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Media freedoms under threat in war-torn Yemen: report

By Nabil Abdullah al-Tamimi in Aden

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Yemeni journalists are checked by Kuwaiti security as they arrive at the Yemen peace talks media centre at Kuwait's information ministry in Kuwait city on April 22nd, 2016, to attend a press conference held by the UN secretary general special envoy for Yemen. [Yasser al-Zayyat/AFP]

The war in Yemen has exacted a heavy cost on journalists in the country, with a record 37 violations against journalists and media institutions in July and August alone, according to a recent report.

All parties to the conflict were responsible for the mistreatment of journalists, the report said, with the Iran-backed Houthis (Ansarallah) topping the list, having committed 18 violations of the total cases recorded.

Out of the remaining violations, 12 were recorded in Aden, six in Taez, and one in Shabwa province, said the report, released September 12th by the Media Freedoms Observatory of the Studies and Economic Media Centre (SEMC).

The observatory expressed concern over the increase in the number of violations and abusive practices against journalists and media institutions in Yemen.

It reiterated its call to all parties to "immediately stop targeting journalists" and abide by the Yemeni constitution and international conventions on freedom of the press.

It also called on the Houthis to release 18 journalists, some of whom have been detained in the militia's prisons for more than three years.

"Similarly, journalist Mohammed Ali is still detained by the legitimate government in Mareb, and no information is available on the fate of Mohammed al-Muqri, who was kidnapped by al-Qaeda in late 2015," the report said.

'State of the media disastrous'

"It is regrettable that journalists are made the first target by all the parties to the conflict in Yemen," said SEMC director Mustafa Nasr.

"The monitoring map documented by the observatory shows the level of escalation and increasing hostility towards the work of journalists in all regions of Yemen," he told Al-Mashareq.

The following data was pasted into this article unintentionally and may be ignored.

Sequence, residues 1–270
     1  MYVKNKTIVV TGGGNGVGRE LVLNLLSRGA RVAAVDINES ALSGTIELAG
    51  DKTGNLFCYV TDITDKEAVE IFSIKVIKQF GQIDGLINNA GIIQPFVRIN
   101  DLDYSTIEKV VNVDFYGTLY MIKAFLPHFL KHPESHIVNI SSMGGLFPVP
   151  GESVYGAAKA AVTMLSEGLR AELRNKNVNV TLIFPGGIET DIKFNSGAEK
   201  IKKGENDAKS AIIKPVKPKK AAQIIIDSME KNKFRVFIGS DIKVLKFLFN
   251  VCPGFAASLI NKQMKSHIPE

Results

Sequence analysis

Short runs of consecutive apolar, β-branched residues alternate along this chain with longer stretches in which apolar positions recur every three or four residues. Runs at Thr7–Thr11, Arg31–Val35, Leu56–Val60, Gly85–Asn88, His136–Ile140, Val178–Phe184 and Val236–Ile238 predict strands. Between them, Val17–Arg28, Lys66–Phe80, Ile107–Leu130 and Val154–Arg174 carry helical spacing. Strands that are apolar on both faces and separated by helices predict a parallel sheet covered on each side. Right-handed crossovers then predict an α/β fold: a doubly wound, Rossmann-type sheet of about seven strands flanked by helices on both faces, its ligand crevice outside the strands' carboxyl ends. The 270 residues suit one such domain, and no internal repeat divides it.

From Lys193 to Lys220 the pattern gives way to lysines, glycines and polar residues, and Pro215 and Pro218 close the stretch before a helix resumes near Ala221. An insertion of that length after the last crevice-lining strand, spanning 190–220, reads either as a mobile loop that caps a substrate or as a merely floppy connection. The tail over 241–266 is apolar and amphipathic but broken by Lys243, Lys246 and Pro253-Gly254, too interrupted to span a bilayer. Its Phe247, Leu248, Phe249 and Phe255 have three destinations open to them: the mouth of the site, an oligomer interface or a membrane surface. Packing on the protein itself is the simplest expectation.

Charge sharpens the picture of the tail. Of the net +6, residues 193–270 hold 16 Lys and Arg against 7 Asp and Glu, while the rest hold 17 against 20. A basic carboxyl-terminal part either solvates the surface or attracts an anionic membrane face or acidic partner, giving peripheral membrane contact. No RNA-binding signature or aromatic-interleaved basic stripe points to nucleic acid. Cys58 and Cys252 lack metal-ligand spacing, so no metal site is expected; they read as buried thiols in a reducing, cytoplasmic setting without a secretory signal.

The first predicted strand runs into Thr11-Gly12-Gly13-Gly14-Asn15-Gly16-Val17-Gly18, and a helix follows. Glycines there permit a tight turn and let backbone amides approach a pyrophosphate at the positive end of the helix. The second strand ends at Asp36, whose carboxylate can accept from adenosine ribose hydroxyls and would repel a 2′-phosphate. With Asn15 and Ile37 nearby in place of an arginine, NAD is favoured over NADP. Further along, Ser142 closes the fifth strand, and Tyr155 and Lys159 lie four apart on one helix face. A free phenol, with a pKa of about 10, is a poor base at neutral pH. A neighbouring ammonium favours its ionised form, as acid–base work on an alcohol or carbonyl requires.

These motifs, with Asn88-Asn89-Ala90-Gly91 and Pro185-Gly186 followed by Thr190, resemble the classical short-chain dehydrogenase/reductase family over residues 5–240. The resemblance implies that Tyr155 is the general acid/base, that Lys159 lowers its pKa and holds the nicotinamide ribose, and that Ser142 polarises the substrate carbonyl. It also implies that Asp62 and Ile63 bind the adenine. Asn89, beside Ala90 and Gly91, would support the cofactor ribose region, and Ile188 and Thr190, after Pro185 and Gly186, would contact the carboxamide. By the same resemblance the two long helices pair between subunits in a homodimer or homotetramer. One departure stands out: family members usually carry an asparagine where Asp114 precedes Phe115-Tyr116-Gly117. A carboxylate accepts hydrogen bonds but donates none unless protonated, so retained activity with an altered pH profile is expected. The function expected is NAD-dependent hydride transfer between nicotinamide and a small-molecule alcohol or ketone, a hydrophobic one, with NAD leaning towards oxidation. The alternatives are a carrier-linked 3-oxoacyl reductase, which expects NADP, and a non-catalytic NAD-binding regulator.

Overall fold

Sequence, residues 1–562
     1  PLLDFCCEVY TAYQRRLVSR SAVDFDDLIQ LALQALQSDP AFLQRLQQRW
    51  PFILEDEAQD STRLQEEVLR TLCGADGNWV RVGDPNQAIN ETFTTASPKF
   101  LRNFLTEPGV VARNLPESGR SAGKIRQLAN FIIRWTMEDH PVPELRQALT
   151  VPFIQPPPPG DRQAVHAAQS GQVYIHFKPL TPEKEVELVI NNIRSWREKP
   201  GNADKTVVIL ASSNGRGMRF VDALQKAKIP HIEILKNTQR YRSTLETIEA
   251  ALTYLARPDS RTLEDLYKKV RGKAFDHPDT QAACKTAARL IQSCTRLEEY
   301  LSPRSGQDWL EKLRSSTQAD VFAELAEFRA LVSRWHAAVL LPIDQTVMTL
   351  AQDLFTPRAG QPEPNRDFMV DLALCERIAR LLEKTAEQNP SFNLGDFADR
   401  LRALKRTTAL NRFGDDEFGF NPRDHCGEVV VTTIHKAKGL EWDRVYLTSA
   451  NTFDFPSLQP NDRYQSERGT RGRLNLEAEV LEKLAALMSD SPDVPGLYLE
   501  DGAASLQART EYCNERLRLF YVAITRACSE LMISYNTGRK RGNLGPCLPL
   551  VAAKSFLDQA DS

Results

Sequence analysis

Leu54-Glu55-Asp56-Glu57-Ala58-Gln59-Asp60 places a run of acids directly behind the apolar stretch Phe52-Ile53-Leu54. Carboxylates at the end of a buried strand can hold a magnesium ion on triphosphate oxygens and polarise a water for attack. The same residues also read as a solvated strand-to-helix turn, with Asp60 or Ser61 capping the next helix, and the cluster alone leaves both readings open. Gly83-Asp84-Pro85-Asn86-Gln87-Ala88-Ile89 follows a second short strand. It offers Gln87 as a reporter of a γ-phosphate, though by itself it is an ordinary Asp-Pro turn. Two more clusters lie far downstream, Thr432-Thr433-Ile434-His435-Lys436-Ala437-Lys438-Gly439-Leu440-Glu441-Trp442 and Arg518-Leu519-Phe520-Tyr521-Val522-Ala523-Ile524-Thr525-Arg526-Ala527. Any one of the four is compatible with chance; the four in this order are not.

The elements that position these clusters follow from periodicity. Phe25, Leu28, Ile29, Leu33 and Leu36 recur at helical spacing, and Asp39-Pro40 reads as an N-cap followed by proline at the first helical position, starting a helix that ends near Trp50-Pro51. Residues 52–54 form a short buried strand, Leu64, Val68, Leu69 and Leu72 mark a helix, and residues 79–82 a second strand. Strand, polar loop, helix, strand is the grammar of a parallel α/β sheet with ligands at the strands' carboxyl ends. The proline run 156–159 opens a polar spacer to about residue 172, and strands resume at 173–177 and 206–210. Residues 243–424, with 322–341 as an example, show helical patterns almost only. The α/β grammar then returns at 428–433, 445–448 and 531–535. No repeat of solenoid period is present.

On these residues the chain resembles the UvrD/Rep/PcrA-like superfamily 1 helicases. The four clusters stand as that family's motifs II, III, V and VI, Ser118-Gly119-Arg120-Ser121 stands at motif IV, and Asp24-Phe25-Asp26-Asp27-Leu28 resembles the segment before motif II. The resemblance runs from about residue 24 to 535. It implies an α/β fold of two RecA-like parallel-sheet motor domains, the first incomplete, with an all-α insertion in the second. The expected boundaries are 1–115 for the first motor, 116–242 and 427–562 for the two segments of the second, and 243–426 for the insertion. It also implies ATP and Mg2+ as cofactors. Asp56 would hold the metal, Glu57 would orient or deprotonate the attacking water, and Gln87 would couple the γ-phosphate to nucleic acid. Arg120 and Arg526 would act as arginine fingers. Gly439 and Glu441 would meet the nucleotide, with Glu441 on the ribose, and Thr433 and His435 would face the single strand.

"This calls for increased solidarity among journalists to defend their profession and affirm that journalism is not a crime," Nasr said.

The Houthis have topped the list of violators of press freedoms since the war began in March 2015, he said, adding that 18 journalists in Sanaa were arbitrarily abducted and are still detained and subjected to various forms of torture and abuse.

"The state of the media in Yemen is disastrous and miserable," said Mohammad Sadiq al-Odaini, head of the Centre for Training and Protecting Journalists' Freedom (CTPJF).

"Yemen has become an unsafe environment for journalism and the lives of those who work in this field," he said.

There are no independent or even partisan newspapers left in Houthi-controlled areas, as there is a ban on printing them on the militias’ orders, he said, adding that "all news websites have been blocked".

Arrests and abductions are occurring at an "unprecedented level", al-Odeini said, and "prisons, detention centres and inhumane treatment are the fate" of many journalists.

Houthis silence opposing voices

"Freedom of the press in Yemen is going through a dark phase," political analyst and journalist Faisal Ahmed told Al-Mashareq.

The situation is even more dire in Houthi-controlled areas as the militia has "perpetrated the most serious abuses against journalists and the media", he said.

Journalists in Houthi-controlled areas have been arrested and tortured and some have been sentenced to death, he said, adding that all media institutions that oppose the militia have been shuttered.

"There is no dissenting voice to [challenge] the Houthis," said Ahmed.

The militia's targeting of the media has even extended to social media activists, he said, as some have been arrested or tortured for tweeting or posting on Facebook.

Ahmed urged the UN and organisations concerned with media freedoms to intervene and exert pressure on all parties to the Yemeni conflict to release detained journalists and cease violations against the press.

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